While metal-on-metal hip arthroplasty became quite popular in the 1990s, and initially reported good outcomes, more and more patients are developing what is called adverse reaction to metal debris (ARMD), and imaging is playing an increasingly important role in managing patients, said the presenter of a Wednesday session.
"Second generation metal-on-metal implants have been complicated by adverse reaction to metal debris," said Alice Ha, M.D., assistant professor of radiology at the University of Washington Medical Center in Seattle., who explained that ARMD occurs when implants shed metal particles into the surrounding anatomy. These metal particles have been shown to cause local and system damage, and have led to some high-profile FDA hip replacement device recalls.
One condition that falls under the umbrella of ARMD is the development of soft tissue lesions or pseudotumors. Another presenter, Eric Chang, M.D., assistant clinical professor of radiology at the University of California, San Diego, Medical Center, presented research showing that clinical symptoms do not help determine the presence of these pseudotumors in patients who have undergone metal-on-metal hip replacements.
This underscores the value of MR imaging in post-operative evaluation, Dr. Chang said during his presentation "MRI after ASR XL Metal-on-Metal Total Hip Arthroplasty: Does Symptomatology Correlate with MR Imaging Findings?" According to Dr. Chang, interest in this area of research began after he and his colleagues noticed that with MR imaging they were finding pseudotumors in patients with metal-on-metal hip replacements even though many of these patients were not symptomatic.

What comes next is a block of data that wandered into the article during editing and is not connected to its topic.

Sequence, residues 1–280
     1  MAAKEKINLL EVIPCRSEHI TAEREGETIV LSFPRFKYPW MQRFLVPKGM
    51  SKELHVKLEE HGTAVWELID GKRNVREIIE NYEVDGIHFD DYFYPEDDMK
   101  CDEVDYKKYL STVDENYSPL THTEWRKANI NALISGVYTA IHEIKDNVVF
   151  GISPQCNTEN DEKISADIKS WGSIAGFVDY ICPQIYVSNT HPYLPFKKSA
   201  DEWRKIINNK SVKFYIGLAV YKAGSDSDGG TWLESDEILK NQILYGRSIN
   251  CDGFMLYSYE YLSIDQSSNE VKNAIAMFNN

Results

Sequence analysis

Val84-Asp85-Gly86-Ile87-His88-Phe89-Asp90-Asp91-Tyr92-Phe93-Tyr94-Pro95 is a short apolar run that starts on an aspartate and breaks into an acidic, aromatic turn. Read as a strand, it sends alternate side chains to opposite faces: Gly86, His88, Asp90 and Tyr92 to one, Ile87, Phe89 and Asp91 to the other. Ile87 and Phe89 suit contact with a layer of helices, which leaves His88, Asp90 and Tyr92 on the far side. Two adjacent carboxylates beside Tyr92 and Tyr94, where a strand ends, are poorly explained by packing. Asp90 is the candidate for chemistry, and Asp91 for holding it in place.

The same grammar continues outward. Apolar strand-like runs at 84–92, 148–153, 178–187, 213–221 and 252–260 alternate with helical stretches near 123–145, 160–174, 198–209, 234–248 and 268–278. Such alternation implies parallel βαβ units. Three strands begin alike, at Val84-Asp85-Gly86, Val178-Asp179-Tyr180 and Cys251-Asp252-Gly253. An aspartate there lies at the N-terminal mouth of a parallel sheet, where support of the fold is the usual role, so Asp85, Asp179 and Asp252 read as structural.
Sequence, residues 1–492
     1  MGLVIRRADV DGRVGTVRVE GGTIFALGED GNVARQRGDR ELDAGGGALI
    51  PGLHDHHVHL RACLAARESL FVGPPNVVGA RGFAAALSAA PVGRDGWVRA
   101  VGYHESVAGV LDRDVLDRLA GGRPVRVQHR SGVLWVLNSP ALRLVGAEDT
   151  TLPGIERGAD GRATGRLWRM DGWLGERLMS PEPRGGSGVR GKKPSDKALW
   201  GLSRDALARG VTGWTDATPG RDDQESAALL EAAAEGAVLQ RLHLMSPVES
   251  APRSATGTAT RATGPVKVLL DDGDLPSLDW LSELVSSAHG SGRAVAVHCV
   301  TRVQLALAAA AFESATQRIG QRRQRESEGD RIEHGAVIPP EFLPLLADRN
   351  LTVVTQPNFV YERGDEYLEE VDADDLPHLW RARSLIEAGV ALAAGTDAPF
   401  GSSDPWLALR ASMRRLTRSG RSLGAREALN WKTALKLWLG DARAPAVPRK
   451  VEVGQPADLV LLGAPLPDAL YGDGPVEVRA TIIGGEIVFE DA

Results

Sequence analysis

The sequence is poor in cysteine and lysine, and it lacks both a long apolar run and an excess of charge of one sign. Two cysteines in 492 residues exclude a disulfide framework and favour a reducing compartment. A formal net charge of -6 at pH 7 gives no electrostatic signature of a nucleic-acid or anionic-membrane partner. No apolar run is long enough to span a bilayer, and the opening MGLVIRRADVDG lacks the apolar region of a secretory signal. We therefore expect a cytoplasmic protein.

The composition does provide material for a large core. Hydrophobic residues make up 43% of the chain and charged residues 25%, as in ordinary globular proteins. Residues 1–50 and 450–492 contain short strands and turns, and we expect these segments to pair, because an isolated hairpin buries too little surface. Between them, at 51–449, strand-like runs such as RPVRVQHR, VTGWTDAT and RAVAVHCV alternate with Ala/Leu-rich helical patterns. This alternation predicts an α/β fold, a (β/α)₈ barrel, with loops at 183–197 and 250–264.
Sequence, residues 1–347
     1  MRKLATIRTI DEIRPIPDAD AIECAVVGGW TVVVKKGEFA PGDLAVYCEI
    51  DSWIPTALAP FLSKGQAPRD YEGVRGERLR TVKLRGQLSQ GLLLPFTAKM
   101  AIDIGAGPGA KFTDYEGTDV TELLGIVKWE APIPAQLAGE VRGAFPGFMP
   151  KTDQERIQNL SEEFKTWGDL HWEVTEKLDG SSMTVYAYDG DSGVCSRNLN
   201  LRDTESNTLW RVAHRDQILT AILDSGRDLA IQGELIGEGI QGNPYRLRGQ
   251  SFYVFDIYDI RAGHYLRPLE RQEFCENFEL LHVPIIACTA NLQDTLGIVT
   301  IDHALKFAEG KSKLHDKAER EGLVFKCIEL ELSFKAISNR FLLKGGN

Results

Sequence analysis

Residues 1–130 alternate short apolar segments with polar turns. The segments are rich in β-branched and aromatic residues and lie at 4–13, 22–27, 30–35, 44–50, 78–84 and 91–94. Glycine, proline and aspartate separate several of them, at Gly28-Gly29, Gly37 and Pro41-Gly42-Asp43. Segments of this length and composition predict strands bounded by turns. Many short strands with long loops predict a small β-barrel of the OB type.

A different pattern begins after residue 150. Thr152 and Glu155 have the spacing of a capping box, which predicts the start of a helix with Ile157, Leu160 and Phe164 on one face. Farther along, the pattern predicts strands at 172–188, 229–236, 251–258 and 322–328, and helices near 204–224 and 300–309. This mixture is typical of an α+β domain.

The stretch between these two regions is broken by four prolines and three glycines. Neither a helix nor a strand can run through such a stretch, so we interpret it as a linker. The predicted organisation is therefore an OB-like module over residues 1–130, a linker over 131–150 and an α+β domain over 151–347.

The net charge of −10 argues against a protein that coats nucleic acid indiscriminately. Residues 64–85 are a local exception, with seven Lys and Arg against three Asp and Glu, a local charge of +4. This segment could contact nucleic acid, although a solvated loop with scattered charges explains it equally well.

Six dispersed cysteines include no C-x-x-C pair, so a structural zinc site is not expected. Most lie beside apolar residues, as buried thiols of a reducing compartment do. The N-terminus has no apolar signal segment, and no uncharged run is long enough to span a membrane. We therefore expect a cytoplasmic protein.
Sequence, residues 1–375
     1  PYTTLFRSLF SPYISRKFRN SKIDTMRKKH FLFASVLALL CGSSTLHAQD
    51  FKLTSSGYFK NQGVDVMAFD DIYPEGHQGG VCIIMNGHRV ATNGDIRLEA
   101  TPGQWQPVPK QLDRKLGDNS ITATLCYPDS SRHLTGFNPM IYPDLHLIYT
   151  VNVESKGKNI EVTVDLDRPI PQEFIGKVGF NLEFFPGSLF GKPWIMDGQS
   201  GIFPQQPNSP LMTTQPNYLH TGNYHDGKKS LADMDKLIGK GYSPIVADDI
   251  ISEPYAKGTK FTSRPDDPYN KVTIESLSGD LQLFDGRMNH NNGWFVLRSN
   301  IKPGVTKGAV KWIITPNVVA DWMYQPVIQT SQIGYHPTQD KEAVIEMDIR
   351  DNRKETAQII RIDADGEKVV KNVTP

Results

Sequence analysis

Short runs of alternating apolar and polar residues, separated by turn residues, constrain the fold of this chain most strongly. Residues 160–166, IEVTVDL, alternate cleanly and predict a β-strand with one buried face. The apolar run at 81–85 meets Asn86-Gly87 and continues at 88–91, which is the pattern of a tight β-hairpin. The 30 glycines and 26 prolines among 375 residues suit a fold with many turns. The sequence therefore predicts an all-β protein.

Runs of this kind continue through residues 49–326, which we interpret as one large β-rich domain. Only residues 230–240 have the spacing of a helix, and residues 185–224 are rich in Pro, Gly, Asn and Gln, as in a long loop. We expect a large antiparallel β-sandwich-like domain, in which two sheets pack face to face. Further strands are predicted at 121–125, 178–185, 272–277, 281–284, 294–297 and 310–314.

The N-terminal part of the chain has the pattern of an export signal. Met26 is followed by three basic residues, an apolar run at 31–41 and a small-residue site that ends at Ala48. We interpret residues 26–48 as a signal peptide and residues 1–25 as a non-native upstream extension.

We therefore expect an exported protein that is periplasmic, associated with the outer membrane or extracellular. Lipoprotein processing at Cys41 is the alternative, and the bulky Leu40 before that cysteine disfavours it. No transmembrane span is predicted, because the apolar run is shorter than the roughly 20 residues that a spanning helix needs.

One problem with metal-on-metal hip replacements is that the prostheses have been shown to fail earlier than expected, necessitating orthopedic revisions, Dr. Chang said. These revisions are made more difficult, however, because of the presence of these large complex pseudotumors.
Dr. Chang and colleagues performed MR imaging examinations using the metal artifact reduction sequences (MARS) on 192 hips (175 patients) over a 15-month period. Pseudotumors were found in 69 percent of the cases (132 of 192 hips). Researchers also found that while bone marrow edema and tendon tearing were predictors of patient pain, the presence or the size of the pseudotumors was not, indicating that MR imaging is crucial in evaluating these patients.
Although imaging is an integral part of patient management, researchers are not sure which patients require revision and which patients will be more difficult to revise based on imaging findings, Dr. Chang said.
"We also do not know the natural history of asymptomatic patients with pseudotumors," Dr. Chang said. "Can they improve or do they invariably worsen? If they can improve, are there imaging findings that can help identify these patients? If they invariably worsen, are there imaging findings that can identify which should go to surgery sooner so the operation can be technically simpler? These are questions that we hope to answer to improve patient care."
MR Imaging Helps Assess Muscle Atrophy, Guides Revision Surgery
Shiraz Sabah, B.Sc.
Researchers performed MARS MRI on 179 patients who had undergone metal-on-metal hip arthroplasties and had unexplained hip pain (or, for control purposes, had excellent function) after a diagnostic hip arthrogram. Presenter Shiraz Sabah, B.Sc., London, and colleagues discovered that pseudotumors were common (40 percent) following hip arthroplasty and can be symptomatic and asymptomatic. In addition, they found, abductor muscle atrophy can indicate poor function.
"We believe that MR imaging permits better planning and timing of revision surgery, with potential for better outcome for patients," Dr. Sabah said. "MR imaging is particularly useful for assessment of muscle atrophy and can prompt earlier intervention and guide choice of revision prosthesis."